The Tunnel Creek hut is probably my favourite weekend hut within reasonable driving distance from Calgary. It's small and basic, but the terrain it accesses is simply incredible. The Tunnel Creek hut is absolutely surrounded by awesome tree skiing. It's steep, tight trees, and there's straight up nothing I like skiing more than that.
Every fall I call up the Guide's Hut in Fernie to book a couple of weekends out there. This year I was slow and only managed to book one weekend at Tunnel though, so I knew I was going to have to make the most of it.
We assembled a great group and made plans to spend Friday Night in Fernie before touring into the Tunnel Creek hut early on Saturday morning so we could spend two days charging the trees.
Last Monday, a pair of skiers got unlucky and were swept up in a slide. One skier was partially buried, they extricated themselves and got to the exhausting work of digging out their fully buried partner. Their partner didn't make it.
Whenever someone dies right next to where you're skiing the next weekend, it casts a bit of a somber note on things - but it doesn't generally stop me from skiing. It's another data point that goes into the calculus of making decisions.
'Okay, conditions are tricky enough that it fooled someone and the resulting slide went big enough to have real consequences. How am I going to learn from this and try and avoid the same traps?'
After Monday though, the avi bulletin just got worse, and worse though. By Thursday evening it was just a sea of red. High-High-High.
A Sea of Red
Well that's going to affect plans...
Once again, High avi danger isn't necessarily a deal breaker for me. When the sea of red shows up, I go looking for terrain that is low consequence, low angle, planar, supported, not-wind-loaded - I try and manage the terrain to keep things as safe as possible.
But when I went deeper and read the details of the forecast - some serious alarm bells started going off. The forecast talked about HUGE slides going from the alpine to valley bottom. The approach to the hut crosses some slide paths at valley bottom - this might be the cycle where the slides actually reach there. The forecast talked about low angle terrain sliding even below tree-line. Even the most mellow line around Tunnel Creek that I could think of would be prone to sliding right now - and a slide in the trees is high consequence - getting sieved through trees or hung up while the slide pounds you down is a bad day.
The group I was skiing with had some of the most experienced and best decision makers I know. I was just up at the Discovery Hut with Brad and I've skied sketchy conditions with him plenty of times. Paul is basically my default co-organizer for ACC trips into Rogers Pass and the guy I call to really systematically break down safe travel. I probably have more decision making mileage with Katherine - on everything from idiotic climbs to idiotic ski missions - than everyone else I know put together.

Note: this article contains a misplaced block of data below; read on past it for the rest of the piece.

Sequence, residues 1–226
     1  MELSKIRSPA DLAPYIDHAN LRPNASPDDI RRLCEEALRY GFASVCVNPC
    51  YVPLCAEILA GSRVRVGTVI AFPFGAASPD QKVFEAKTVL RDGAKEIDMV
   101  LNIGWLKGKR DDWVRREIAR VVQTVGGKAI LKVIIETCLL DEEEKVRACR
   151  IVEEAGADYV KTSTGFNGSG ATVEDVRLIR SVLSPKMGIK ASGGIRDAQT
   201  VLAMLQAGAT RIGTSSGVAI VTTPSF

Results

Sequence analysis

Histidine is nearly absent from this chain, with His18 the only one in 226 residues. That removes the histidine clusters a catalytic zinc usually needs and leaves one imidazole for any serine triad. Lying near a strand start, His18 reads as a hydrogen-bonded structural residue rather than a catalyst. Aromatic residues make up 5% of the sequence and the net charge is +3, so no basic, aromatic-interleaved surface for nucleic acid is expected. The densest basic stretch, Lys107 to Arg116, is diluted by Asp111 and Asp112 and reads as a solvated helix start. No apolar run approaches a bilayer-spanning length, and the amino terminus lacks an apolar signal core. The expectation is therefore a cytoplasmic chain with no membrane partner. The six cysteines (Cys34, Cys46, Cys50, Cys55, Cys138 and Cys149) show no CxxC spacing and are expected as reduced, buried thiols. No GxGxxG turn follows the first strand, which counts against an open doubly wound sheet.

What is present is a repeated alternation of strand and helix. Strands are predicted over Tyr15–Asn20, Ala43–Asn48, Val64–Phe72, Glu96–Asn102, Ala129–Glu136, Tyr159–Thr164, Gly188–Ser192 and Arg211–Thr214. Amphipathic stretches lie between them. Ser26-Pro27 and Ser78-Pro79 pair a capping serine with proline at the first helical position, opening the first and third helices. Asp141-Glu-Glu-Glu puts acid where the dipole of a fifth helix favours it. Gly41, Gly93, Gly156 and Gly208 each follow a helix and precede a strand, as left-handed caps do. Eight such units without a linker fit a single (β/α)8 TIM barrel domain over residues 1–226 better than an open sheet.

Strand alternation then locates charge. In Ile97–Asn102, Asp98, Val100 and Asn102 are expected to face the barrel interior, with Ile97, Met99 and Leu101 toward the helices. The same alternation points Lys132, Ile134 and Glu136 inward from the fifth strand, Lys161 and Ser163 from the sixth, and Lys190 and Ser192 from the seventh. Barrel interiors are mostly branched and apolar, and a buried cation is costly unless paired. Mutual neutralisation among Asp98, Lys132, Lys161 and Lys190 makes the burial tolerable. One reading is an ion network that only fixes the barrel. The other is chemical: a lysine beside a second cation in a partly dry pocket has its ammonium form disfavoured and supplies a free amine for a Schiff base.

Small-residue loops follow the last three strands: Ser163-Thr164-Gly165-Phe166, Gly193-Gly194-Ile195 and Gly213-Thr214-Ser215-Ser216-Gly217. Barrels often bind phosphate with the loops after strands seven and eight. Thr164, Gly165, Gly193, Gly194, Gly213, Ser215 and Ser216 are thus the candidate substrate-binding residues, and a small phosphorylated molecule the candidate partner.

This was as good a group of decision makers on snow as you could ask for in order to head into scary-ass conditions.
We pulled the plug. There wasn't even debate. Plan A is shot, let's figure out a Plan B. Just getting to the hut would involve serious hazard and once there - what's the point? We wouldn't even be able to ski anything without crapping our pants. The risk simply wasn't worth the reward.
It was time to build a Plan B. We had our Friday night booking in Fernie - we drove down and skied the resort Saturday. Half the resort was closed and giant crown lines on numerous faces made guessing why pretty easy, but the half that was open was great skiing (you know, for a resort).
Saturday evening we bombed over to Castle Mountain where we managed to snag some rooms at the hostel last minute and cooked the big dinner we'd planned to make at the hut in the hostel's kitchen. We drank beer, hung out, ate cake to celebrate Marie-Eve's birthday and then Sunday we spent another resort day.
I hadn't ridden a chair lift in something like three years before this weekend. I'm just not a ski-resort guy anymore. I ski 40-50 days a year and it's only in the backcountry. For all that, I'm glad we ended up at the resort.
I think it's easy to develop a bit of a decision making god-complex. I ski in the backcountry a lot. I'm confident of my decisions and confident in my group. It's easy to get suckered into the trap of 'well, the approach isn't too bad, we'll just cross slide paths as quickly as possible and then try and make things around the hut work'.
It's the same thing with climbing or anything else in the mountains. There's conditions when I feel like I can push it, like when there's incoming rain I'm hoping will pass us by when we start climbing a retreatable route; and there's conditions when I feel like I can't, like when when that incoming storm is throwing lightning around or the route is high consequence and I can't retreat. There are times that I need to recognize that today I need a Plan B - and then I need to accept that Plan B, not wallow in FOMO, wondering if I made the right call.
Recognizing it's a day for a Plan B keeps me safe. Accepting my Plan B let's me have fun regardless. Yea, skiing at a resort isn't really my thing, but ultimately, I got to spend a weekend skiing with a great group of friends. I'd rather recognize and accept the occasional Plan B and avoid having that really bad day.
Grumpy, cantankerous, wildly opinionated and so much more! Getting really tired on skis is what makes me happy.